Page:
Manitoba MP proposes tax reform to assist agriculture, fishing and family-owned small companies Native-Enterprise | enterprise

0
105
Succession planning for family farms in Canada is complicated by laws that create higher tax burdens for those who choose to sell to children or grandchildren. Manitoba MP Larry Maguire is proposing a Bill to change that.

A prairie politician’s quest to make it easier to pass the farm on to the next generation could help fishing families on the east coast.

Larry Maguire, Conservative MP for Manitoba Riding for Brandon-Souris, has proposed changes to the Income Tax Act to reduce the tax burden when a farmer, fisherman, or small business owner sell to a family member.

Currently, the tax rate is much lower when a business is sold to a stranger as a relative.

Maguire thinks this is unfair and last February submitted a motion from a private member – Bill C-208 – to the House of Commons to change it. The bill was reintroduced in the House of Commons for second reading on February 3, where it was passed to committee by 178-146 votes. If it is supported there, it will come back to the third reading and the final vote.

The Conservatives, the Quebecois Bloc, the NPD and the Greens fully supported the bill in second reading. Only two members of the Liberal Government – Francis Drouin from the Ontario riding of Glengarry-Prescott-Russell; and Scott Simms of Newfoundland and Labrador on the coast of Bays-Central-Notre Dame – voted in favor.

Selling a family business such as a fishing business to a family member is currently charged under Canadian tax law as a dividend to the seller and a tax rate of nearly 50 percent on the profit on the sale. – File photo

The Standing Finance Committee, chaired by PEI Rep. Wayne Easter, began discussions on the proposal this week when the committee met on March 2.

Maguire testified before the committee that if one family member sells a business to another family member, the difference between the sale price and the original price will be considered a dividend.

However, if they sell the business to a stranger, the selling price is considered a capital gain.

A capital gain is taxed at a lower tax rate and the tax law allows the seller to apply the tax exemption for lifelong capital gains.

Taxes on a dividend are much higher, Maguire said using the example of the sale of a $ 1 million farm.

Selling it to a stranger would be viewed as a capital gain, and the farmer would pay a 13.39 percent tax on any increase in the value of the farm since he first bought it. If the farmer sold it to a child or grandchild, the increase in value would be considered a dividend and taxed at a rate of 47.4 percent, Maguire said.

This makes it difficult to keep family-owned companies.

“It is more financially beneficial for a family to sell their farm, fishing or small business to a total stranger than to their own family, children or grandchildren,” said Maguire.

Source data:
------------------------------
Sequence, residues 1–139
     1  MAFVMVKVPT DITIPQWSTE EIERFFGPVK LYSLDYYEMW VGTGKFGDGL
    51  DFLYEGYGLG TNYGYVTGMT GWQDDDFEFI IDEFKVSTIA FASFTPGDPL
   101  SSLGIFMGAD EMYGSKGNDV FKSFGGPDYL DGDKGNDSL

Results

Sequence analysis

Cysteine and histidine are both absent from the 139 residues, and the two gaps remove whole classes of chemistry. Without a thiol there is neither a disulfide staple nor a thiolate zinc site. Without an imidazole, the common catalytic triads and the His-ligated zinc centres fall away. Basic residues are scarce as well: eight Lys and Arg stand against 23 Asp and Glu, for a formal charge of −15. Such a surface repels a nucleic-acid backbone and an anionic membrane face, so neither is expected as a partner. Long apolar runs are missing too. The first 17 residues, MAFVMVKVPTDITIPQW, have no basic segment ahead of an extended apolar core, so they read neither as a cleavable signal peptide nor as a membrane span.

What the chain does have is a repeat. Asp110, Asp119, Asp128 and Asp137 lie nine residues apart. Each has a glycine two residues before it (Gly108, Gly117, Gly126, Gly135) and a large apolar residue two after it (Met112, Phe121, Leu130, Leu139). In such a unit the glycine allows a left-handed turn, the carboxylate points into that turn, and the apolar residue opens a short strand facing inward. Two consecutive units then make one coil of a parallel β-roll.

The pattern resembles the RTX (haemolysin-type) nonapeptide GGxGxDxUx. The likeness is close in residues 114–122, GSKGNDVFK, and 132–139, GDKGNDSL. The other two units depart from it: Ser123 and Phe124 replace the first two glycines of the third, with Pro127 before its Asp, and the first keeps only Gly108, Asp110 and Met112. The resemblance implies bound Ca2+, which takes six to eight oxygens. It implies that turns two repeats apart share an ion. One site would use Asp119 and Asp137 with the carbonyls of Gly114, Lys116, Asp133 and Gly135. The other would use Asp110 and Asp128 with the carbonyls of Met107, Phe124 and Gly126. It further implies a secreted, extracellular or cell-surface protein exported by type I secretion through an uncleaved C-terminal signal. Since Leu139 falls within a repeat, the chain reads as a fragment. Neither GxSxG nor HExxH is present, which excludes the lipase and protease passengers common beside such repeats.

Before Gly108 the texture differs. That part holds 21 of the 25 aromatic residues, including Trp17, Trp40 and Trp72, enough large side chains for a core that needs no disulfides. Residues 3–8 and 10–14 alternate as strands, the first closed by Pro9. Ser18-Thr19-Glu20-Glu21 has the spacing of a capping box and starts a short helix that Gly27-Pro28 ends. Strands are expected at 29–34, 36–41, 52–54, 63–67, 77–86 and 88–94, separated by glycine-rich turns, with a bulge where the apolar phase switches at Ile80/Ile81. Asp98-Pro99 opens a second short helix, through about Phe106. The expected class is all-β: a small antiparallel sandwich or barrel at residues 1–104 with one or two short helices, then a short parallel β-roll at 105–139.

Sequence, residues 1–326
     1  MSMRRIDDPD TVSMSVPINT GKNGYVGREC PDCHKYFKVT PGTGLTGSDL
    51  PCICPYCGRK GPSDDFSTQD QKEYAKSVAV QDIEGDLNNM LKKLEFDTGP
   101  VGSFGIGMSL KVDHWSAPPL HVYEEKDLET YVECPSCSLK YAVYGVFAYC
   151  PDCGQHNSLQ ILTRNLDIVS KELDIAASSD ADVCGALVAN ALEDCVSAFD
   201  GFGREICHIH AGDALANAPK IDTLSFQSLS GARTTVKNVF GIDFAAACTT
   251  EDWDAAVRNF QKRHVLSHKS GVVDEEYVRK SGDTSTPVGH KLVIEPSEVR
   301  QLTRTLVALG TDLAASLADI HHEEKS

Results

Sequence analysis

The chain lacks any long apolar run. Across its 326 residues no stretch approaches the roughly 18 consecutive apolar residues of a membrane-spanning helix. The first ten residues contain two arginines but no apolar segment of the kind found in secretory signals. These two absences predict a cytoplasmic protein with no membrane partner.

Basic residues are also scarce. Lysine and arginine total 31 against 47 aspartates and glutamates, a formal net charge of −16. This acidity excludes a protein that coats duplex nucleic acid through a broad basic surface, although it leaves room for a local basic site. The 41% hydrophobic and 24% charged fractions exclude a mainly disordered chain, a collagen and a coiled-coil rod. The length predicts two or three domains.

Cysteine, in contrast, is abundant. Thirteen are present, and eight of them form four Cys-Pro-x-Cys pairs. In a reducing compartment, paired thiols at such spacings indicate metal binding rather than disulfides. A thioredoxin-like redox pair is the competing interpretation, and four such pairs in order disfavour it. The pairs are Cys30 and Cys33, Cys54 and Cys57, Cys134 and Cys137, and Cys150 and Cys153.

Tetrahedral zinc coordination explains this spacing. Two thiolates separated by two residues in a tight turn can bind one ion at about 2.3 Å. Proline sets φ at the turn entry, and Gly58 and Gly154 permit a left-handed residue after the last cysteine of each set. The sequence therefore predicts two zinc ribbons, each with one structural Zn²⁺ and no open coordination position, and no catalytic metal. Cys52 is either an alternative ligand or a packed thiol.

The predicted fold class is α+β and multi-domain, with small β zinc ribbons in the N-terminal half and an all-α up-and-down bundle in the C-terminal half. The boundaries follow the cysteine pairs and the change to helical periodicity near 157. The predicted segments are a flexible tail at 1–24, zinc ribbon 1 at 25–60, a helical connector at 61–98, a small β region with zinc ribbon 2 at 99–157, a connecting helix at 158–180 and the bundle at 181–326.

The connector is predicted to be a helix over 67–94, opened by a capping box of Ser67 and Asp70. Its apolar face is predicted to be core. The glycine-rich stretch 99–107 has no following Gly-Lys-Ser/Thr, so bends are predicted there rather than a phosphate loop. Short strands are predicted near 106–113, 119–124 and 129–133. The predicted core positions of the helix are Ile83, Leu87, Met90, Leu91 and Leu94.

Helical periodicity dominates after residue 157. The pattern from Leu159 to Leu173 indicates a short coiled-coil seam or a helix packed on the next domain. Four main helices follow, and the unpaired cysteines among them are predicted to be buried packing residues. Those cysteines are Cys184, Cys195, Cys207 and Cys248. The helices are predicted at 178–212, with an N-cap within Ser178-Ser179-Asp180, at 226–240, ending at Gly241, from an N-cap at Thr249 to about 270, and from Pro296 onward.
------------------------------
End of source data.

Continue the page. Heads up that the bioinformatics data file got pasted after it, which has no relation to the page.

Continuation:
The idea of ​​changing income tax laws in favor of family businesses is not new.

The new MP for the Democratic Party, Guy Carron, made a request to this effect in 2017.

Maguire noted that Carron’s bill had the full support of opposition parties, but although 10 Liberals voted in favor, it was defeated by the majority Liberal government.

Wayne Easter, chairman of the finance committee, noted that Carron has done extensive research into the original bill.

Maguire used much of Carron’s research to re-submit the bill to parliament, noting that the NDP politician’s research was thorough and continues to exist.

During the committee meeting this week, Peter Fragiskatos, Liberal MP for Riding the London North Center in Ontario asked Maguire how the proposed changes would affect state revenues.

Maguire said there are about 1.1 million small businesses in Canada and the change he proposed would not put a huge financial burden on Canada’s tax system.

“The Parliamentary Budget Commissioner’s recommendations ranged from $ 179 million to $ 300 million. . . depending on the number of cases carried over in a given year, ”he told the committee.

He said the cost depends on how many family businesses are sold to family members in a given year.

According to Maguire, many organizations across Canada support the proposed changes. He noted that Quebec’s milk producers, Chicken Farmers of Canada, the Canadian Federation of Independent Business, the Canadian Federation of Agriculture, and the Taxpayers Federation of Canada, to name a few, endorsed the bill.

The Finance Committee will continue to call witnesses.

Committee chair Easter said other witnesses – including the Life Underwriters of Canada and the Canadian Federation of Agriculture – would testify before the committee on March 9.

You can watch the full March 2nd meeting of the Standing Finance Committee here:

CONNECTED: